Few bassists are as legendary as John Paul Jones.
Widely regarded as one of the most influential bassists of all time for his work with Led Zeppelin, Jones is a masterful multi-instrumentalist and appears on dozens of artists’ records, with his work ranging from playing on Donovan’s ‘Sunshine Superman’ to writing the string arrangements for R.E.M’s Automatic For The People.
Over his long career, Jones has been at the forefront of several new movements in music, with his arsenal of gear playing an important role in creating different musical textures.
Ranging from his trusty Jazz Bass to the Moog Taurus, we take a look at the equipment used by John Paul Jones throughout his career.
Revisit other Gear Rundowns from the archives here.
1962 Fender Jazz Bass
Bought for $250 to keep up with his heavy load of work as a session musician, Jones’s sunburst Jazz Bass was his main axe for his work with Led Zeppelin.
Jones used this bass on almost every Led Zeppelin track live and in the studio up until 1975, where he had to retire the instrument due to issues with the action and electronics.
Later on, JPJ would revive his love affair with the Jazz Bass for his work in the studio with Them Crooked Vultures, and would occasionally bring it out for live appearances. He’s also been spotted playing a Fiesta Red finished model, as well as a Fender Telecaster Bass with the supergroup.
Alembic Series II JPJ
Upon retiring his trusty Jazz Bass, Jones began endorsing Alembic basses, particularly using a four string Series II as his preferred live instrument in Led Zepp’s final years.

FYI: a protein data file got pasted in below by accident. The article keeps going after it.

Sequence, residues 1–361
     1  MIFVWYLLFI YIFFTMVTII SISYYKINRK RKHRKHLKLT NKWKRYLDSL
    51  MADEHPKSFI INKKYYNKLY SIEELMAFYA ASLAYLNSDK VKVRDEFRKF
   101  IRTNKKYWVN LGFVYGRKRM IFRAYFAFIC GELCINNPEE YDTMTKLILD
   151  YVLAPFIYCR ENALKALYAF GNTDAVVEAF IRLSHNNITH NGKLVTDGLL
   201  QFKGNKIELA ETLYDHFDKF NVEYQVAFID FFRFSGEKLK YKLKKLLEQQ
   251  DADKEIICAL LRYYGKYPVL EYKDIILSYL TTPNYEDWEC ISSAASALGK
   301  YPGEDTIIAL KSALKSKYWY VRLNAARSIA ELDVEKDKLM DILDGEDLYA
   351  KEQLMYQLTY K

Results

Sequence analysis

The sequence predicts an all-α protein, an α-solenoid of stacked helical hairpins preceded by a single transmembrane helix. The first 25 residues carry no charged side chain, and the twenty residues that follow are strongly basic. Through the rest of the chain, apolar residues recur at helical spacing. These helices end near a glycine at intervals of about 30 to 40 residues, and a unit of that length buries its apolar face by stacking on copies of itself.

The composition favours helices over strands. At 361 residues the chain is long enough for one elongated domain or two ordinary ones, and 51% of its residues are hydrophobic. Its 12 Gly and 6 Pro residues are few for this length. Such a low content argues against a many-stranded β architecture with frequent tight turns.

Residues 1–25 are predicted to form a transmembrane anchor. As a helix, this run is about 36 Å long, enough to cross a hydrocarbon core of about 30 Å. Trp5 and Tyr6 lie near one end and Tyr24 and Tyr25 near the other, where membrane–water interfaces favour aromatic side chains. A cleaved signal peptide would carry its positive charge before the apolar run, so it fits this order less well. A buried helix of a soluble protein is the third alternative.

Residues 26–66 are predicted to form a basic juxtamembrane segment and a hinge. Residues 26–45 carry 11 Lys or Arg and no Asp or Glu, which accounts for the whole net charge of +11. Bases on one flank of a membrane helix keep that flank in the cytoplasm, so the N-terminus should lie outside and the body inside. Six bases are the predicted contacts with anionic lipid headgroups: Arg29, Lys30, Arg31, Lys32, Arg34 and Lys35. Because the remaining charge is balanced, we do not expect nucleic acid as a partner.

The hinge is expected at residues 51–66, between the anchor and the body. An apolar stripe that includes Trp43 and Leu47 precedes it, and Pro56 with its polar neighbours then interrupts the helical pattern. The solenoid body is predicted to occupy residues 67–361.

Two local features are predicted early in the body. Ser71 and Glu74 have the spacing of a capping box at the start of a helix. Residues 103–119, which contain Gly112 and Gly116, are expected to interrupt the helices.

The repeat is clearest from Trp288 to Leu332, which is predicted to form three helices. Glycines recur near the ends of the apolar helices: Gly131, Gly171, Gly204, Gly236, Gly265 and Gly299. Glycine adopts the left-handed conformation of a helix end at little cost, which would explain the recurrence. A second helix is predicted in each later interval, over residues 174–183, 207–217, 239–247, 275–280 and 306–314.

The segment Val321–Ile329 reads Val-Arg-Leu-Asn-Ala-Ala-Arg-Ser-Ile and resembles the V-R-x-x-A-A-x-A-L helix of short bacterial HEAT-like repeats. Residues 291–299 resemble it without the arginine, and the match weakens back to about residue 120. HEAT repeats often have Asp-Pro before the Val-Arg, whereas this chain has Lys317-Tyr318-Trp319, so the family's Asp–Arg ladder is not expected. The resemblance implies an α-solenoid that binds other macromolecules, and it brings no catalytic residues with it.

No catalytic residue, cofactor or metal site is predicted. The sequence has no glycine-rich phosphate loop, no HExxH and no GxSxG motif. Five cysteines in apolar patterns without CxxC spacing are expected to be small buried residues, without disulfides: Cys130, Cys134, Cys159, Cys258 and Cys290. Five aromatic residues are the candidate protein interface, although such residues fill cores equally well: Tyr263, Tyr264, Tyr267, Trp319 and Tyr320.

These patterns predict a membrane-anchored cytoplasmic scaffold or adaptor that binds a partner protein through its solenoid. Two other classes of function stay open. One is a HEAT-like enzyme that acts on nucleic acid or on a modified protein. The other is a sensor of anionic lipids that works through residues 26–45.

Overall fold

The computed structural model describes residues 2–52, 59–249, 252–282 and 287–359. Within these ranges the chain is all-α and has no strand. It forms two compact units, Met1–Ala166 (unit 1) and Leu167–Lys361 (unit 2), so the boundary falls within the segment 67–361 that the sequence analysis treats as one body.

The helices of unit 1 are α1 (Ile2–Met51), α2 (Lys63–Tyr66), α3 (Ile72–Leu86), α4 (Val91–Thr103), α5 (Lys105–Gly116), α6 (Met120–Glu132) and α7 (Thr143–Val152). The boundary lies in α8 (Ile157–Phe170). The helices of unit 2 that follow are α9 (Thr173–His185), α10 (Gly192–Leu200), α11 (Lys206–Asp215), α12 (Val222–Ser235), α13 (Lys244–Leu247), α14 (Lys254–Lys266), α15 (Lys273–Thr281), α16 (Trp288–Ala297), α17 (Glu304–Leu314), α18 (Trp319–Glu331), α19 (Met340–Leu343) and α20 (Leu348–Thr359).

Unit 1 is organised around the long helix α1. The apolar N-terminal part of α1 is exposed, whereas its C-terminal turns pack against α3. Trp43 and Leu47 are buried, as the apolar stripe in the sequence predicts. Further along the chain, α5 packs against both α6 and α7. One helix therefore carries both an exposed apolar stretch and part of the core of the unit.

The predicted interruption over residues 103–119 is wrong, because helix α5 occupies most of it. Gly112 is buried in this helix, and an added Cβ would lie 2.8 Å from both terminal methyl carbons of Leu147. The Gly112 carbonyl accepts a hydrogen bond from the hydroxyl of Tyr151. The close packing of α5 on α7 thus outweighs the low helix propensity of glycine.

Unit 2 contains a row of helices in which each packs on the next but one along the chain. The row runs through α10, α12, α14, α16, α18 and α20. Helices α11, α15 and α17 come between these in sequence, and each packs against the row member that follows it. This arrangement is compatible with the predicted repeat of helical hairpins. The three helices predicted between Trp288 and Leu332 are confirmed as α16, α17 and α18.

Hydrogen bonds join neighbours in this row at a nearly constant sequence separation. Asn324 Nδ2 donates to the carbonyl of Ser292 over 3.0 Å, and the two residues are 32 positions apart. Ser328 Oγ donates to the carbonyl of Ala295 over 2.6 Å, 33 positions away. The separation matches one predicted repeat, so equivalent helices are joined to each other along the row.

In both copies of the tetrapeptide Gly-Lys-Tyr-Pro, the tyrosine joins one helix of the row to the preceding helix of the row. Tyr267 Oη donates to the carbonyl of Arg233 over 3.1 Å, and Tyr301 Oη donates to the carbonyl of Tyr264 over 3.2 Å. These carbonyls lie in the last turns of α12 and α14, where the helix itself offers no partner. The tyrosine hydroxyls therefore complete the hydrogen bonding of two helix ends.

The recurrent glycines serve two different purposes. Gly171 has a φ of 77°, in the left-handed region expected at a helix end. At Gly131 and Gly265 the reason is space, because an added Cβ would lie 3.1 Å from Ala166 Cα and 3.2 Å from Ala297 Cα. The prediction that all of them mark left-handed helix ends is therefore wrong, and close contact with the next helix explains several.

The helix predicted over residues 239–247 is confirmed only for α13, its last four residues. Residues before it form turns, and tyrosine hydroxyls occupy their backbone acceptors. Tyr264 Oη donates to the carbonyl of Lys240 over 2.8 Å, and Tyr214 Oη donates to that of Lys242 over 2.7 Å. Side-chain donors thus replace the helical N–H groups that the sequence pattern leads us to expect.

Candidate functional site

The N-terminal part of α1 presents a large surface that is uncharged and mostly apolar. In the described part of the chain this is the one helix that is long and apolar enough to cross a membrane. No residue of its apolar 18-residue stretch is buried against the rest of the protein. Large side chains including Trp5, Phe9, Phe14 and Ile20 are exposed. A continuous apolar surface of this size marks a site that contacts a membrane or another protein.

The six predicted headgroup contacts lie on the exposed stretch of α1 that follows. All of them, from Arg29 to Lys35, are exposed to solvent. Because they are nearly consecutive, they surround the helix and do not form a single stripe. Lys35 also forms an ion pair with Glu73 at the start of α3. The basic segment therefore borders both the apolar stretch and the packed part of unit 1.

Jones also has a custom made eight string variant of the Alembic Series II, with its distinctive low end growl being heard on the epic Presence cut ‘Achilles Last Stand.’
1967 Fender Bass V
A bit of an oddity manufactured by Fender between 1965 and 1970, the Bass V was an early five string bass, featuring a meagre 15 frets and the tuning of EADGC. Jones used his Fender Bass V while touring in 1973 for songs such as ‘Over the Hills and Far Away,’ ‘Heartbreaker,’ and ‘The Song Remains The Same’.
In a 2012 interview with Dave Lewis, Jones later called the Fender Bass V ‘the ugliest bass guitar in the world’. Let’s face it – he’s not far from the truth.
Fender Bass VI
A slightly more recognisable foray from Fender into the worlds of bass and guitar, the Fender Bass VI was essentially an early baritone guitar tucked into the body shape of a Jaguar.
While it’s not known whether or not Jones used his Bass VI with Led Zeppelin, this picture from 1965 indicates he used it on the various session recordings he was playing on at the time.
Manson E-Bass John Paul Jones Signature
When Led Zeppelin briefly reunited in 2007 for a one-off charity gig at London’s O2 Arena, Jones rocked a custom made E-Bass created by Hugh Manson, the go-to guitar guy for Muse’s Matt Bellamy.
Fitted with necessities such as a BadAss II bridge, Hipshot D-tuner and active EMG pickups, Jones’s Manson signature bass was also used on tour with Them Crooked Vultures in 2010, and just this year, Manson released a version to the public, which you can check out here.
Manson also created three other bass guitars specifically for Jones to use live with Them Crooked Vultures. The Manson JPJ 10 String Custom, featuring five doubled strings and a stereo output, can be seen in various images and videos from their 2010 tour, while a 12-string bass made with Australian Blackwood can be heard on the record.
However, the real weirdo of the bunch is this monstrous lap steel bass guitar. Dubbed the ‘Lapaphone,’ Jones’s bass lap steel features eight strings, an XY touchscreen MIDI controller, a Fernandes Sustainer pickup, and a Hipshot Trilogy bridge, allowing Jones to switch between three different tunings on the fly. You can see Jones play the instrument in the Them Crooked Vultures track ‘Nobody Loves Me and Neither Do I.’